“Yes, Ma’am,” as I accepted the keys. Mel climbed in next to me. After inserting the key, I pushed the button on the dash and the engine came alive. I pulled the gear shift that rose from the floorboards into first gear, lurched along the driveway, and pulled out onto the road.
“You can’t buy this, Michael. For Christ’s sake, it’s ugly as homemade sin. Drives like a tank. Do you want to be seen in this old clunker at the Beverlee?” asked Mel as we came to a stop back in the driveway.
“It’s transportation for $100, Mel.”
As I followed Mel toward our neighborhood, looking over at the roofs of newer, passing cars, I wondered if this was something I would regret. I replayed the reasons that seemed so compelling at the dining room table that morning. This ridiculous vehicle would make it possible for me to enroll in the Winter Quarter at Ohio State. I would not be like all those people who said they were sorry they didn’t go to college.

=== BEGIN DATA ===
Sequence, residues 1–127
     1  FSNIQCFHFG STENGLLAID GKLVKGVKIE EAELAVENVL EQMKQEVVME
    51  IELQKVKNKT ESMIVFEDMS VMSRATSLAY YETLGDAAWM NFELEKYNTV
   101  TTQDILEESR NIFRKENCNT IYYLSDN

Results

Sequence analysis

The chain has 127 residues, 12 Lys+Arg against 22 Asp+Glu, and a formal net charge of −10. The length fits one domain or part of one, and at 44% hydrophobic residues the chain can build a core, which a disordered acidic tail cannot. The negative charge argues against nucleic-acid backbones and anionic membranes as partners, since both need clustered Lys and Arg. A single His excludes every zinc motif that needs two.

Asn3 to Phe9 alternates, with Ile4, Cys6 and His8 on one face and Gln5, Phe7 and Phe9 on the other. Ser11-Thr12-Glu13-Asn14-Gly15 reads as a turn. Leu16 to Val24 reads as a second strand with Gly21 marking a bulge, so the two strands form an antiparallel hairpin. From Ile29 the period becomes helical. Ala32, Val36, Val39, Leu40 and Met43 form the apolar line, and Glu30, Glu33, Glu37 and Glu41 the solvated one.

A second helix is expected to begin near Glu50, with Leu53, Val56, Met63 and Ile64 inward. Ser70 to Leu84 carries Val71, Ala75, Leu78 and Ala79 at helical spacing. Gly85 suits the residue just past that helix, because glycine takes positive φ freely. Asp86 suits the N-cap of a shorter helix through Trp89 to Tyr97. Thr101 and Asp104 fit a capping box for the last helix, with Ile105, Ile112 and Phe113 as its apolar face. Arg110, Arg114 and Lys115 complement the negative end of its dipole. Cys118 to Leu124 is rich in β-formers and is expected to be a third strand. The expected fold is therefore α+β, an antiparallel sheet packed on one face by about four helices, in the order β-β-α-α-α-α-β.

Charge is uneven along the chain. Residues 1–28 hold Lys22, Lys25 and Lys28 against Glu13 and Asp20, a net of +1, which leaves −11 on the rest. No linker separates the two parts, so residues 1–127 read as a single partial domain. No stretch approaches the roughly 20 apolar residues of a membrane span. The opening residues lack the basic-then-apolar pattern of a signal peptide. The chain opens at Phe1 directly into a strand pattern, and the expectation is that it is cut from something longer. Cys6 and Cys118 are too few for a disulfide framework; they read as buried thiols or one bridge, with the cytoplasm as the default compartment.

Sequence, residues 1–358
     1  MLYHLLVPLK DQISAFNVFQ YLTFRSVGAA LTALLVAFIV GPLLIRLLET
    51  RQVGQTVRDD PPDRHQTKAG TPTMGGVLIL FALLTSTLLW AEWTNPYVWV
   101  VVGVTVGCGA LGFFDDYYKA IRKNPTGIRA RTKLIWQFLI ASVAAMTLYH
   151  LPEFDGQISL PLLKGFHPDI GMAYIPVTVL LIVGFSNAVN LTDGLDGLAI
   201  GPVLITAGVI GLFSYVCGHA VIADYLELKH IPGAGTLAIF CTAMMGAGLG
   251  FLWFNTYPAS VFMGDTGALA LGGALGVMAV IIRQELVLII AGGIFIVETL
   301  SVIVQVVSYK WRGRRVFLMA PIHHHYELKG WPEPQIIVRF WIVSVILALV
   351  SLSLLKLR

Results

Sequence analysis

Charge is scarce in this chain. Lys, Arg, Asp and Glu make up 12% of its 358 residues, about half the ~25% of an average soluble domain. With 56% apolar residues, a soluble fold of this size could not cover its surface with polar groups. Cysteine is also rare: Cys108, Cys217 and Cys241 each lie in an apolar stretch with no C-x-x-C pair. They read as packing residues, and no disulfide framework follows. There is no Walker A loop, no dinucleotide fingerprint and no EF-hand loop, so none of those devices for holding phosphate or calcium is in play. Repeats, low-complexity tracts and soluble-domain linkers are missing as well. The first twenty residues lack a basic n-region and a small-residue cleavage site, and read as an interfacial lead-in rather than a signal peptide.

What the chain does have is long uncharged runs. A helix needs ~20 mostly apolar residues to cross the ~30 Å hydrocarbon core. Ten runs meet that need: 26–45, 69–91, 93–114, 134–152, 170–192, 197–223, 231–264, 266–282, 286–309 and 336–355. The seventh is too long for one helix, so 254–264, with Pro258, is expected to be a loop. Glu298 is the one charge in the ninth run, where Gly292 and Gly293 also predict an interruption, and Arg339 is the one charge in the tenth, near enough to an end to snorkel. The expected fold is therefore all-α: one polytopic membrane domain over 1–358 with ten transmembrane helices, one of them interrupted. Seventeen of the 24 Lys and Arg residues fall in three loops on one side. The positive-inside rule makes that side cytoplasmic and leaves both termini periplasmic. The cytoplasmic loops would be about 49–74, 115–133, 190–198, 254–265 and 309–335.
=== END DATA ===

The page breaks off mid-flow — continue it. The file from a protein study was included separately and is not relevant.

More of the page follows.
I was able to increase my hours by working the overnight crew that unloaded a semi-truck on Wednesday nights and stocked shelves until the store opened. I caddied on Sundays when the store was closed, earning $8 for 36 holes or $6 for 18 holes. I put $10 in the back of my sock drawer every week for tuition and books. I also squirreled away a few dollars behind my underwear when I got to payday with a few dollars in my wallet. There were weeks when I had to buy groceries or help Mom keep the power on, but I was saving for a better car some day.